2017-05-04 / News

Singers will showcase stars and stripes


Members of the small ensemble, led by director B.J. Whitehouse strumming guitar, rehearse for “Songs Americans Sing” Monday at Central Baptist Church. 
PHOTO BY ANDREA VON HOHENLEITEN Members of the small ensemble, led by director B.J. Whitehouse strumming guitar, rehearse for “Songs Americans Sing” Monday at Central Baptist Church. PHOTO BY ANDREA VON HOHENLEITEN Audiences will have two opportunities this weekend to sing the songs Americans sing.

The Jamestown Community Chorus is performing its spring production with a patriotic twist. The opening show is scheduled for 4 p.m. Saturday with an encore at 3 p.m. the following day. According to director B.J. Whitehouse, “Songs Americans Sing” showcases the music that has been inextricably woven into the rich and dynamic fabric of the nation.

“Every race, nationality, faith and political movement has left a strong, vibrant stamp on the American musical fabric,” Whitehouse said in his director’s note. “Well before Europeans landed in the New World, an old world of music existed throughout indigenous cultures. With every new arrival, a bit of music was added to the American palette.”

Whitehouse, who has led the chorus for nearly 30 years, chose a repertoire that ranges from William Billings, widely considered American’s first choral composer to Bob Dylan, whose songwriting still influences music today. That eclectic mix of patriotism includes “Chester,” the Billings hymn that is considered the country’s firs song of protest, through “Blowin in the Wind,” the Dylan chart-topper that became the anthem for the Civil Right Movement during the 1960s.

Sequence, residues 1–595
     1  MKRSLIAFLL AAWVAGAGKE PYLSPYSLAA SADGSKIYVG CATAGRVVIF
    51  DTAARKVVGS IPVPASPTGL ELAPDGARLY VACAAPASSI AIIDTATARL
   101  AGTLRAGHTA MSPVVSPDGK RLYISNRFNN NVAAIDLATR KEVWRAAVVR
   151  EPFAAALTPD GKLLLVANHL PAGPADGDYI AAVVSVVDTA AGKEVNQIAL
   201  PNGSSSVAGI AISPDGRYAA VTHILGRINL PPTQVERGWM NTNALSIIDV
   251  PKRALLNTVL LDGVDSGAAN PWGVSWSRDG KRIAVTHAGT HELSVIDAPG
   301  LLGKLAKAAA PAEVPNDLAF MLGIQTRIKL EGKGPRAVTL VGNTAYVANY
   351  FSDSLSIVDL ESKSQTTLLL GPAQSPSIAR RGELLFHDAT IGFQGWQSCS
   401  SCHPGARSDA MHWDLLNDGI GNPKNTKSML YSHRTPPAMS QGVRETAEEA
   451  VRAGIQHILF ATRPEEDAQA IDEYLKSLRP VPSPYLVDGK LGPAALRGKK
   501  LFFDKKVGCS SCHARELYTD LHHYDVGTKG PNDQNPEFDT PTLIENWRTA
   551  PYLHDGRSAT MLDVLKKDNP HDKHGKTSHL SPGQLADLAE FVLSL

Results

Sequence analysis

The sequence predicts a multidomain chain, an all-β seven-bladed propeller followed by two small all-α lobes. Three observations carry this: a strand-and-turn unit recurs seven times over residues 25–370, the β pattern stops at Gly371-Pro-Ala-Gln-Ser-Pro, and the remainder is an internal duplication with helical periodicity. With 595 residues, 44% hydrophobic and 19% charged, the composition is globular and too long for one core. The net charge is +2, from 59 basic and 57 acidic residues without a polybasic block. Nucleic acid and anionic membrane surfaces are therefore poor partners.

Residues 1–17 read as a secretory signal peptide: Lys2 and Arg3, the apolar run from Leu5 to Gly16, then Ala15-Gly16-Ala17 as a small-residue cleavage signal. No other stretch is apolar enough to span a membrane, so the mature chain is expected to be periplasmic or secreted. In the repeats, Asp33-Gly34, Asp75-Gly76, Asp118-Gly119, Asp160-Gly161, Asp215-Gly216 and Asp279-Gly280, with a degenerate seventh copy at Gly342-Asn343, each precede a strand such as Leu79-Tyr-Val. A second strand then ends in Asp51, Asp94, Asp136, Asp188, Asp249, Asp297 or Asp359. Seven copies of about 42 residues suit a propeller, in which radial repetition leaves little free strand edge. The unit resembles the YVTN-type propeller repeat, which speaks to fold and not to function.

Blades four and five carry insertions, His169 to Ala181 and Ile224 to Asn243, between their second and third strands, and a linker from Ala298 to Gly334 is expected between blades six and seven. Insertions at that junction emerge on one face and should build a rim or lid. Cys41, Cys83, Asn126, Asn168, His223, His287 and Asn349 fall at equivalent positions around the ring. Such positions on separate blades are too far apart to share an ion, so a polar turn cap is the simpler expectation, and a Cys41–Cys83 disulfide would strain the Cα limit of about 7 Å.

America always has been a melting pot, and the concerts will depict that. “Now I Walk in Beauty,” a Navajo prayer song, and “Lift Every Voice and Sing,” which was dubbed “The Negro National Anthem” in 1919 by the National Association for the Advancement of Colored People, are scheduled to be performed. There also will be a medley of spirituals, including text from the Emancipation Proclamation, the executive order signed in 1863 by President Abraham Lincoln that changed the federal legal status of 3 million Southern slaves.

“African-American music can in no way be underestimated in the evolution of the American sound,” Whitehouse said.

Other classics in the program include “Give me Your Tired, Your Poor,” “You’re a Grand Old Flag” and “Hallelujah,” a folk tune written by Leonard Cohen.

For amateur singers in the audience, lyrics will be provided for three songs during the sing-along. They are “This Land is Your Land,” “America, the Beautiful” and “Turn, Turn, Turn,” the song written by social activist Pete Seeger. The song, which highlights lyrics from the biblical Book of Ecclesiastes, garnered international fame when The Byrds covered it in 1965. That Billboard chart-topper, however, won’t be the only selection from the Decade of Discontent.

“Being of a certain age, members of our small ensemble harken back to an era of great musical fertility,” Whitehouse said about the 1960s.

Pianist Dawn Chung, who replaced 27-year vet Janet Grant at the Christmas concert, will accompany the 12 sopranos, 14 altos, eight tenors and nine basses. Finally, the chorus will present its annual scholarship to Erica Smith. The graduating senior at North Kingstown plays clarinet in the school band In the fall, Smith will attend the Eastman School of Music in New York as a performance major.

Admission is $15, but senior citizens and children receive a $3 discount. Tickets can be purchased in advance at Jamestown Hardware, Baker’s Pharmacy and The Secret Garden, as well as being available at the door.

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